During the war, Geraldine Schwarz's grandparents were neither heroes nor villains - they just followed the current. Afterwards they wanted to forget, to bury it all under the wreckage of the Third Reich.
The battle of 2 July 1942 at Ruweisat Ridge in North Africa is not well known but it was the day that Rommel was finally stopped. This account was written by an officer in the small British force that turned back Rommel's forces.
This is the first full biography of one of Scotland's greatest daughters and the only Scot to be officially honoured for giving her life to help Jews during the Holocaust. It is based on in-depth original research in all of the book's locations, personal interviews, and a trove of newly discovered material.
'We felt an urge to document what we had witnessed. If we who had experienced it, I reasoned, did not reveal the bitter truth, people simply would not believe the extent of the Nazis' evil. I wanted to share our life, the events and our struggle to survive.'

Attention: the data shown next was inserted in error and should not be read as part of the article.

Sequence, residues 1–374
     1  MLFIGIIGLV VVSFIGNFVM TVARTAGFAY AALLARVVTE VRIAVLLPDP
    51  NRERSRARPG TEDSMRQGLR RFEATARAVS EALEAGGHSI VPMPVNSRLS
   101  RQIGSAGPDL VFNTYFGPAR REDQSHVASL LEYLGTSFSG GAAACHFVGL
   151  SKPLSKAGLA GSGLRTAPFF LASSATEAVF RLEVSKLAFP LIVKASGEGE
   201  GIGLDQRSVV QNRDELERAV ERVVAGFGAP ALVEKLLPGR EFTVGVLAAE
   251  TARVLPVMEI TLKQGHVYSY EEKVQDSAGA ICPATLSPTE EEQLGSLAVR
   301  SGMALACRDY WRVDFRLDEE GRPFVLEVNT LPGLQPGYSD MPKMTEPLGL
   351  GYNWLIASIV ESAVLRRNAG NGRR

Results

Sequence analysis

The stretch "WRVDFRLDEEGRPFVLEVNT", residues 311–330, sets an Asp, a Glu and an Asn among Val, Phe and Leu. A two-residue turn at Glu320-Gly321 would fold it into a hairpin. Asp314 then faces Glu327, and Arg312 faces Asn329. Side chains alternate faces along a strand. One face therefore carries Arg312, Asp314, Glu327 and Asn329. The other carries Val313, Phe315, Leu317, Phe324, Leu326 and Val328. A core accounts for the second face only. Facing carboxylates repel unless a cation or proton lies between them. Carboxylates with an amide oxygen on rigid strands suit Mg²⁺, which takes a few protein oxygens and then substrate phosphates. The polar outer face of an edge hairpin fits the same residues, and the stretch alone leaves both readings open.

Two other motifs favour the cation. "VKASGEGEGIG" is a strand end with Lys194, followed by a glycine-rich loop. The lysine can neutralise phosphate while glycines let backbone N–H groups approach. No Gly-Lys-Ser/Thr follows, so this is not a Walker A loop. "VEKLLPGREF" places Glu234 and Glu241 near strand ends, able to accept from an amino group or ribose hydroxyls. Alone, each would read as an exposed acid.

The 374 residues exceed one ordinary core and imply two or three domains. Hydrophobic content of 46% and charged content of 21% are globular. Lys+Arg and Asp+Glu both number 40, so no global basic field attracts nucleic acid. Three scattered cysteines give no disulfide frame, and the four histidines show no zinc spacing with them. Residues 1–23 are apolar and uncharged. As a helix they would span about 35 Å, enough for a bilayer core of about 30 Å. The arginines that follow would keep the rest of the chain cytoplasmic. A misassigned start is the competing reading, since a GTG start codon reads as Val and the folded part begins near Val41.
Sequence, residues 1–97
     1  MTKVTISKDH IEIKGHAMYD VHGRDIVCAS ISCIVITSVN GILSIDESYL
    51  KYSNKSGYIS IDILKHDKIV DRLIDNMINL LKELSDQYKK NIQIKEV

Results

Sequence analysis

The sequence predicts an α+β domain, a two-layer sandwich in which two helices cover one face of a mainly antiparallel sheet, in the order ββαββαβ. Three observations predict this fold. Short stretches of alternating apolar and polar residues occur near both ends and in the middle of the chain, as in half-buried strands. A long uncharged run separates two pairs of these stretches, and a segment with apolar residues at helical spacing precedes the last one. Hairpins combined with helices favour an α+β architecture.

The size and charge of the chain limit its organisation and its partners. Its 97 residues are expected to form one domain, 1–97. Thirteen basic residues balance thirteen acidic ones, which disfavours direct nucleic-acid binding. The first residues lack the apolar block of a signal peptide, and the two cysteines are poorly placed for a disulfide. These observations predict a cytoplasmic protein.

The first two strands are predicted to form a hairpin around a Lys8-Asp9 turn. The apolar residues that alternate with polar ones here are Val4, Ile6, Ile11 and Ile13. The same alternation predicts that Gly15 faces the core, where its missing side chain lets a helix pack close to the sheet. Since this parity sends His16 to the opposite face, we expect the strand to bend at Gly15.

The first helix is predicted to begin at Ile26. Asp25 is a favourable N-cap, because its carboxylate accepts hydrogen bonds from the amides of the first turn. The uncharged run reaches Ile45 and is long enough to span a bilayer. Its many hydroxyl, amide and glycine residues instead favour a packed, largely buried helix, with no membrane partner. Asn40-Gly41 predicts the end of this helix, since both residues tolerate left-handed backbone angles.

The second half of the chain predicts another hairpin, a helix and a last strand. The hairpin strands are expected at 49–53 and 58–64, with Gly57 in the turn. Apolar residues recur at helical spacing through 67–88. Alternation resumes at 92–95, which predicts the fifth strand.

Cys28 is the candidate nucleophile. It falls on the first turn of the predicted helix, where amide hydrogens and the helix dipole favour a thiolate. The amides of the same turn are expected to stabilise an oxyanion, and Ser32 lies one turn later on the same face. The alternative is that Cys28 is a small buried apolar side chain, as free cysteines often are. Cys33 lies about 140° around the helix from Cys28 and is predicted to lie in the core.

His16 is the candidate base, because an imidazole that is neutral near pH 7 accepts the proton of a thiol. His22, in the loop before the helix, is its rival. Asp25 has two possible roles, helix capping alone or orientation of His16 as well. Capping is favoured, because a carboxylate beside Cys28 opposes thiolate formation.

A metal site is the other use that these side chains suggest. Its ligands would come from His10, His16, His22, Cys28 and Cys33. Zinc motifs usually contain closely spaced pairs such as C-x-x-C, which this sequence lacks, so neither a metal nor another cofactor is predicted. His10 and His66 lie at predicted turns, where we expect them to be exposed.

Becky Brown mines the Mass Observation Archive for wartime experiences of 1939-45 to show how the lives of people now generations away have relevance to our twenty-first century experience - living amidst a global pandemic.
Featuring black and white photographs and posters from post-war Germany - some beautiful, some revelatory, some shocking - Aftermath evokes an immersive portrait of a society corrupted, demoralised and freed - all at the same time.
Published in 2010, Bloodlands argues that accounts of World War II have paid too much attention to the atrocities of Adolf Hitler, and not enough to Joseph Stalin's. Snyder believes a definitive history of the period must depict the suffering of all of the conflict's victims.
There is no reason why you should have heard of Geoffrey Pyke. After his suicide in 1948 he was described as one of the great geniuses of his time, to rank alongside Einstein, yet he remains today, as The Times put it, 'one of the most original if unrecognised figures' of the twentieth century.
This is the story of the journey of the British Expeditionary Force from hope to despair, to triumph in the midst of defeat. Over 300,000 men were taken off the beaches of Dunkirk, and it was they who became the nucleus of the armies which swept Nazism from Europe.